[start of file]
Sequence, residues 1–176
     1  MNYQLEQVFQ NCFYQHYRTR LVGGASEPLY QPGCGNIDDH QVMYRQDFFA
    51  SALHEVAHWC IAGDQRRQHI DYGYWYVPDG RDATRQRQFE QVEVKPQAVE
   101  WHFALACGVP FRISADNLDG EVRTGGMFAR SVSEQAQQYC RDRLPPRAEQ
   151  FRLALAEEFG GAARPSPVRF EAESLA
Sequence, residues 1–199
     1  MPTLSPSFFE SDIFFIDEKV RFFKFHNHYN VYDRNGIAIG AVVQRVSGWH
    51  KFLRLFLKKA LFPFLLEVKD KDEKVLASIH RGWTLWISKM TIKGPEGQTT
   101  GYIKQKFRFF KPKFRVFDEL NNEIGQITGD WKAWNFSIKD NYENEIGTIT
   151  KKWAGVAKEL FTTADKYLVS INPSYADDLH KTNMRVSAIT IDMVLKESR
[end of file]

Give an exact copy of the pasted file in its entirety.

Sequence, residues 1–176
     1  MNYQLEQVFQ NCFYQHYRTR LVGGASEPLY QPGCGNIDDH QVMYRQDFFA
    51  SALHEVAHWC IAGDQRRQHI DYGYWYVPDG RDATRQRQFE QVEVKPQAVE
   101  WHFALACGVP FRISADNLDG EVRTGGMFAR SVSEQAQQYC RDRLPPRAEQ
   151  FRLALAEEFG GAARPSPVRF EAESLA
Sequence, residues 1–199
     1  MPTLSPSFFE SDIFFIDEKV RFFKFHNHYN VYDRNGIAIG AVVQRVSGWH
    51  KFLRLFLKKA LFPFLLEVKD KDEKVLASIH RGWTLWISKM TIKGPEGQTT
   101  GYIKQKFRFF KPKFRVFDEL NNEIGQITGD WKAWNFSIKD NYENEIGTIT
   151  KKWAGVAKEL FTTADKYLVS INPSYADDLH KTNMRVSAIT IDMVLKESR